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Unproper Belt Scale Results?

Belt Weighing

Unproper Belt Scale Results?

10 reasons, why your perfect belt scale might under-perform
Belt weighing is common practice in lots of bulk solid handling operations. Although it’s a long established technology, there are still bits and pieces regarding installation and maintenance which might lead to erroneous results. Following you can find the reasons why.
(ed. wgeisler - 31/3/2017)
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Problem #7: Belt speed too fast and/or material not on load scale for long enough

Materials can begin to “bounce” off the conveyer if it’s moving too quickly. If measuring takes place during the period of time when material is in the air, that weight will not be measured. In addition, when the material lands, it will create turbulence, which can also affect the accuracy at the time that the measurement is made.

Belt speeds greater than six meters per second (1180 ft per minute) can create inaccuracy of one to five percent, which can be an issue if high accuracy is required.

Consistent material profiling can help mitigate the impact of this issue if the bouncing effect is repeatable. However, other factors would also need to be kept consistent at the same time, including moisture content, bulk density and particle size.

Similarly, whether it’s from bouncing or another reason, it’s important that the material being weighed is on the scale itself for a sufficiently long period of time so that its weight can be accurately recorded. Load cells are essentially springs. There needs to be adequate “retention time” for changes in forces to settle on that spring, and the weight to be captured and transferred, before the material is moved from the scale area. This multi-step process cannot take place with the appropriate precision if the material moves too quickly over scale.

As a general rule, the specified product data can be achieved if the retention time is greater than 0.4 seconds. If it is 0.25 to 0.4 seconds, there can be a 0.5 to two percent impact on accuracy and repeatability. The impact can be between one and five percent if the retention time is less than 0.25 seconds.

Problem #8: Dynamic frequency ratio causing resonance effects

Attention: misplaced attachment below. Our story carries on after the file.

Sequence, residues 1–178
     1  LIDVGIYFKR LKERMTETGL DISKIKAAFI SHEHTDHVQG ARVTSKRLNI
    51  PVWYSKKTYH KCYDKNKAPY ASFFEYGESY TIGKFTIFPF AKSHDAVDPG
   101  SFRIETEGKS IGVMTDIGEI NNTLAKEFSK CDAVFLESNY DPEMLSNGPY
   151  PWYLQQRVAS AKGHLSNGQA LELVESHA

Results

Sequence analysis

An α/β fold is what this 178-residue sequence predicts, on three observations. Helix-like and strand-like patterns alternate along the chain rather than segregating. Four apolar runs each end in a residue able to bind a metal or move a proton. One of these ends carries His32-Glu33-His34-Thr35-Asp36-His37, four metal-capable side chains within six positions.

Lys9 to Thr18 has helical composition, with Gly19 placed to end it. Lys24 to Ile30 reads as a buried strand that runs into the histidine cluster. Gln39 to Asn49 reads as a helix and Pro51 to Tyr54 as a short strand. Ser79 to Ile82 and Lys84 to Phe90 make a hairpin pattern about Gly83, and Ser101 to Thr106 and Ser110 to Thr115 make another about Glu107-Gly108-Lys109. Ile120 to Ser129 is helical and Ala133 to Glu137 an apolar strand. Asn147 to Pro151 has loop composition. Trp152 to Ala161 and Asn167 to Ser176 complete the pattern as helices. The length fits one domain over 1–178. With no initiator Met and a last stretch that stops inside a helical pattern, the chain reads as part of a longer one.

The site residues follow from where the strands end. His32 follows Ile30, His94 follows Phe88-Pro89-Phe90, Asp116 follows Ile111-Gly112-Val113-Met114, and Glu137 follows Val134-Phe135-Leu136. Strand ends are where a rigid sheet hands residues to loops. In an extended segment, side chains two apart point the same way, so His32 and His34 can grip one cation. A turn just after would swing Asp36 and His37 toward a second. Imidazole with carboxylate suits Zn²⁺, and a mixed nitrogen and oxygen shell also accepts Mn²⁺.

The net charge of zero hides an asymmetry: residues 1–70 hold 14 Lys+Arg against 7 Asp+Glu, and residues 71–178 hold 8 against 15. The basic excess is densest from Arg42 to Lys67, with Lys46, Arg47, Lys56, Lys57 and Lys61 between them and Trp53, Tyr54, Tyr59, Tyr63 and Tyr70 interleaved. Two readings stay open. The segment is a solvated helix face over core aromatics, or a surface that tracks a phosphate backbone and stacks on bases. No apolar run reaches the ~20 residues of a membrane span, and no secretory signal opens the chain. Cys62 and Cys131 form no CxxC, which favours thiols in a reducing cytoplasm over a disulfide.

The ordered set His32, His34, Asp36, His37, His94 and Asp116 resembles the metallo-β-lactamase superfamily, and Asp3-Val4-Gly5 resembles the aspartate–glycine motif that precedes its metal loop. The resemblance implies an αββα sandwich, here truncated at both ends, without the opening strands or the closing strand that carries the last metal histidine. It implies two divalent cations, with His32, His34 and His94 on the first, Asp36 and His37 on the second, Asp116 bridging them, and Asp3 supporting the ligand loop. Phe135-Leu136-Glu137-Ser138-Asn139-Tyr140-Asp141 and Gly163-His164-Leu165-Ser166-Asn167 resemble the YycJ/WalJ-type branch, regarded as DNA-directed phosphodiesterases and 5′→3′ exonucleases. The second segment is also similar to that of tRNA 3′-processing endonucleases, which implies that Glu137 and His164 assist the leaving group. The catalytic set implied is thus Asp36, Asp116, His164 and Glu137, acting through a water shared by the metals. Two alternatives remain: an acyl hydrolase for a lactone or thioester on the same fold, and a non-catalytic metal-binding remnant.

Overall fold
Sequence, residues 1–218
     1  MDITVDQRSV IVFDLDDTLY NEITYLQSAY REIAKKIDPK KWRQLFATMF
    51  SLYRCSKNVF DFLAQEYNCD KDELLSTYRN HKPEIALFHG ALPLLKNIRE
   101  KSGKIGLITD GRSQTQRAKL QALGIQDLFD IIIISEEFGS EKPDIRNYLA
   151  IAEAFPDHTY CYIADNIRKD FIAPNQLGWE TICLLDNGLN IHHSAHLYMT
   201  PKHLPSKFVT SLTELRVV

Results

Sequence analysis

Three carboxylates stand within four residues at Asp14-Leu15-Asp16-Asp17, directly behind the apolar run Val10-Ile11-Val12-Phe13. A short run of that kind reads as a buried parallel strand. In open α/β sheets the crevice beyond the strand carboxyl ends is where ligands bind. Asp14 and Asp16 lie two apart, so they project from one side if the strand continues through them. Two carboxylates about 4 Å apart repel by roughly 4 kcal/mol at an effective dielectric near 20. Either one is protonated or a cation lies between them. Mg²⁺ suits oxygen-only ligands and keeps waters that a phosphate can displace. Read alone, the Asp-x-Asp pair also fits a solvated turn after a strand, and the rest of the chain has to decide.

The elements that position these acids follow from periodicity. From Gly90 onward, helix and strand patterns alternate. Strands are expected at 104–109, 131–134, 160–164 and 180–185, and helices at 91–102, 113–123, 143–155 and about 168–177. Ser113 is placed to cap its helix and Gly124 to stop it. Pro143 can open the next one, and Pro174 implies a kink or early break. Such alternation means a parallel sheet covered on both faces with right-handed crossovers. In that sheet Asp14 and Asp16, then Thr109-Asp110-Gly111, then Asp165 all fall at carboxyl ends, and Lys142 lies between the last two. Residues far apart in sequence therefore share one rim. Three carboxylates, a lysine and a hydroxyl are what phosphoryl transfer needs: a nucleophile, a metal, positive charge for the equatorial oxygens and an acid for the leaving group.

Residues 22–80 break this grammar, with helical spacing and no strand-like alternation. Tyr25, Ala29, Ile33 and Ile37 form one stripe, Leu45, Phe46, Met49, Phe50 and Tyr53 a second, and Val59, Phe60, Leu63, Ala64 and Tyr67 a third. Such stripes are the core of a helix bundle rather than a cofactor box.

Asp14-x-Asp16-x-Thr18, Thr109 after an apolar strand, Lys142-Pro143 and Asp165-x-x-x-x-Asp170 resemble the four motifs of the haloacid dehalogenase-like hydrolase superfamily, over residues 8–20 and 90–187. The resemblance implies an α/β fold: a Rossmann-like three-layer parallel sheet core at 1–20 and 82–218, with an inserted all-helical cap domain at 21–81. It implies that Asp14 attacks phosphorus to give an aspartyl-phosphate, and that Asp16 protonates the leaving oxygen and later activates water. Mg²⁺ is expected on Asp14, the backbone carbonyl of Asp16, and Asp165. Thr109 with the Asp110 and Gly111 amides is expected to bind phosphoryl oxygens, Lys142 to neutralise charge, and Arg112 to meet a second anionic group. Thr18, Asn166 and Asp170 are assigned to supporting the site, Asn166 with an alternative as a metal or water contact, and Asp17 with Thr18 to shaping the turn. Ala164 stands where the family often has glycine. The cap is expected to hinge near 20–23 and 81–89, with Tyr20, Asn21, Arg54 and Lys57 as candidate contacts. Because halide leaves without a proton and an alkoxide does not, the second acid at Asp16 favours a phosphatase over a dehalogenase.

In 1940, one of the most famous engineering failures in history was captured on film when the Tacoma Narrows Bridge collapsed, twisting itself and ripping apart spectacularly because of a resonance effect where its natural frequency was excited in heavy wind conditions.

For a belt scale, a similar effect occurs with the device’s “dynamic frequency.” Scale oscillation creates a resonance effect, and this must be taken into consideration. In the weighing system, there is a natural frequency associated with the force that the belt exerts on the weigh idler, as everything is supported on two load sensors. Loading, spacing between idlers and the speed of the conveyer can potentially work together to induce enough oscillation to match the natural frequency of the load cells. If this happens, the whole arrangement could become unstable. At that point, it becomes not just a matter of reliability but safety as well.

To ensure this does not occur, you need belt scale experts to perform some complex mathematical analysis and determine your scale’s “dynamic frequency ratio.” The idler, belt loading and belt speed are on one side of the ratio, while load cell detection is on the other side.

If this ratio is one, the load cells will fail, just like the bridge collapsing. In fact, any value above 0.3 could represent a problem and impact accuracy by up to 10 percent. When the Siemens weighing team encounters anything above 0.3 they will engineer a solution to reduce the number down to 0.2 or lower, where the impact is minimal.

Problem #9: Load cell signal too low

If we use our cell phone without any interference, we tend to enjoy great signal quality, and the little icon on our device will verify this with five bars in the top corner of the screen. If there is lots of interference, the signal can be really weak – with just one bar on the signal strength indicator – and we might strain to have a decent conversation.

There’s an analogous situation for belt scales involving the signal from their load cell to the integrator. Each load cell needs a clear “resolution” in which detailed weighing information about the material being conveyed is captured, while any non-material weight (such as the weight of the belt scale itself or the idler) is able to be dismissed as being irrelevant. Consider an aluminum can recycling operation. Each can is very light so that the weighing system must have a high resolution, because an influence such as a belt tension change could have an impact greater than the actual weight of some cans.

The guideline is to use at least 30 percent of the entire load cell capacity to prevent other influencing factors from having a disproportionately large impact on the scale’s performance. Accordingly, a live load signal indicates the output range that the load cell can generate based on material loading. If that signal is less than 2 mV – reflecting a low resolution – there could be a one to five percent change on accuracy and repeatability. If it’s 2-3 mV, the impact can be 0.5 to two percent. Product resolution specifications can be attained at greater than 3 mV (using a 2mV/V-style load cell).

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